The Family You Choose

What Is Meant When We Say Family

Our immediate family

I talk a lot about the importance of family. How we are doing this (prepping) for our families and how we have these responsibilities because of our families. But what does family mean?

Ryan my biological son & Chanse our 'chosen' son

There’s a quote I like that says, “There are the families that we are born into, and there are the families that we choose – our circle of friends.” Another says, “Friends are the family we choose for ourselves.” When I use the term ‘family’ I don’t just mean the family I was born with and the family I brought into this world, I also include the friends I choose to call family. I believe family is how you define it.

As preppers it is important–and I believe may become much more important–to develop significant family support. Hopefully our families will be there to assist, defend, educate, and care for us. If possible, now while things are ‘normal’, coordinate with your family. Discuss with family members what your evacuation plan is, let them know when and where you will go. Encourage and assist them in developing their own – possibly one that mimics or overlaps with yours. Talk about possible BOLs*. Do you want to find a place together? Is it better to simply be close enough for mutual support? If a family member lives in an urban area and you live in a rural area, encourage them to bug out to your home. And, if that is the plan you decide on, coordinate with them in the interim to store extra food and supplies at your home (or vice versa).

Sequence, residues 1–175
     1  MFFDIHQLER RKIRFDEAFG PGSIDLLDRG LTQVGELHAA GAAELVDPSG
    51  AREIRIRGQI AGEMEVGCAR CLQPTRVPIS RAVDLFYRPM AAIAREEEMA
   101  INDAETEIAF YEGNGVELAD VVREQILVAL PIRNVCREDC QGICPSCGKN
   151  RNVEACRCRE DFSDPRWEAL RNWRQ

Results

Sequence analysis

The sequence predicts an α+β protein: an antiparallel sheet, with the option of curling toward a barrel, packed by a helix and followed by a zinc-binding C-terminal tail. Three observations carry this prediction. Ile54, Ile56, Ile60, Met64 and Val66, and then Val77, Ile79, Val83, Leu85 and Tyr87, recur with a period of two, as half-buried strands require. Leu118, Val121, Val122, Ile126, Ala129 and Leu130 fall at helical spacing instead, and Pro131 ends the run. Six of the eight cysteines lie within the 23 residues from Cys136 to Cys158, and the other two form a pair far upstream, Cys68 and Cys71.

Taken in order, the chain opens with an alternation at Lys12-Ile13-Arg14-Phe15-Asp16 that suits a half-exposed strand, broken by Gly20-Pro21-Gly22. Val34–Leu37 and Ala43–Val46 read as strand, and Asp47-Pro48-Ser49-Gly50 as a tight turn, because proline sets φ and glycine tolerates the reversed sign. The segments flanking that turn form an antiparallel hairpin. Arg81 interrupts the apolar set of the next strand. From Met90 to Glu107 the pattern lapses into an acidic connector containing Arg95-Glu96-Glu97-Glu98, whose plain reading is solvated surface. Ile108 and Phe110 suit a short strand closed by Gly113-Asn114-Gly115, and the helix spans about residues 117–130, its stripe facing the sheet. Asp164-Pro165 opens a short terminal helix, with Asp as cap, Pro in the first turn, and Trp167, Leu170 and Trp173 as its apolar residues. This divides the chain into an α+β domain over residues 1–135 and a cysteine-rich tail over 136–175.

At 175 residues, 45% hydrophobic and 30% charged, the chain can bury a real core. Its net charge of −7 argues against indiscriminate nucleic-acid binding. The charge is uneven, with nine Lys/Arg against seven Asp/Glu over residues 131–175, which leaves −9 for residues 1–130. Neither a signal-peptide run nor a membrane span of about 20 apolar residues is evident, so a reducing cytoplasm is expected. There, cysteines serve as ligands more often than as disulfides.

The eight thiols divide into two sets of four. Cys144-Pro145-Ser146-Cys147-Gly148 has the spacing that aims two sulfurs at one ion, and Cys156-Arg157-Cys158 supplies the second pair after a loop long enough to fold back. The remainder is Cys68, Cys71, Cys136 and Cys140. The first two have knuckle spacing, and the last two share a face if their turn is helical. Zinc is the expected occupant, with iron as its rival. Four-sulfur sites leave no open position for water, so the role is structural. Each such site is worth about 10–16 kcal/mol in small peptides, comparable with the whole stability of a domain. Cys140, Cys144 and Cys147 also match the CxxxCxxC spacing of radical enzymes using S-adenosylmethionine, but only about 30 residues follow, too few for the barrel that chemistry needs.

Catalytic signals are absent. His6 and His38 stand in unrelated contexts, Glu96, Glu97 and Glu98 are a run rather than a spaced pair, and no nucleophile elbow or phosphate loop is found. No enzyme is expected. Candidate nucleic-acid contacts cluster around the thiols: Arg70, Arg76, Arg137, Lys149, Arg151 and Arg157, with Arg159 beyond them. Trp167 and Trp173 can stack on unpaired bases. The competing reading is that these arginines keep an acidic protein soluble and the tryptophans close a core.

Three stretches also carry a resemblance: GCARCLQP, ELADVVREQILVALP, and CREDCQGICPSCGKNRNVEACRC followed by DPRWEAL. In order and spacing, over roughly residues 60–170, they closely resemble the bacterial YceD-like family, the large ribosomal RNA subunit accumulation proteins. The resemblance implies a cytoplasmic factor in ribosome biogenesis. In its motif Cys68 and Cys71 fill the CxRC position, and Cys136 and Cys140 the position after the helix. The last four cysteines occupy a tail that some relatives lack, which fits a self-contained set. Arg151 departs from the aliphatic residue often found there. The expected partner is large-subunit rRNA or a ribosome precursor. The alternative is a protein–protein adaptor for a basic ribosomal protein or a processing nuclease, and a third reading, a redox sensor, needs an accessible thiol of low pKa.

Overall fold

We all have family members who aren’t interested in prepping at all and see the whole concept as somewhat idiosyncratic if not downright crazy. If pushed, their entire prepping plan is to “worry about it later”. If you love them, and know that if they come knocking on your door you will let them in, then plan for them. Plan to welcome them and, to the degree you are able, prepare for them now. In a world where human labor may be required to provide food, water, shelter, security and energy; additional people–who you know and trust–will be an asset.

Booth family reunion

Adams family reunion

Just as the last couple of generations have mostly forgotten about the importance of being prepared and of “laying up stores for the winter”, many have also forgotten about the strength, support, and love that their chosen family can provide.

(Wednesday: Walk A Mile In Your Shoes)

*For my list of abbreviations and other information, open the above ‘Check Here…’ page tab.

(added 12/29/11) Great family quote: “Being a family means you are a part of something very wonderful. It means you will love and be loved for the rest of your life. No matter what.”

Advertisements

What I Did This Week To Prep

& What I’m Thankful For

When I thought back to what I’d done this week I realized I hadn’t done much prepping. When I wondered why I realized, oh yea, it was Thanksgiving week (did I mention we had a house full of family?). So I decided this week–keeping with the Thanksgiving theme–to also talk about what I’m thankful for, especially in the prepper aspects of my life.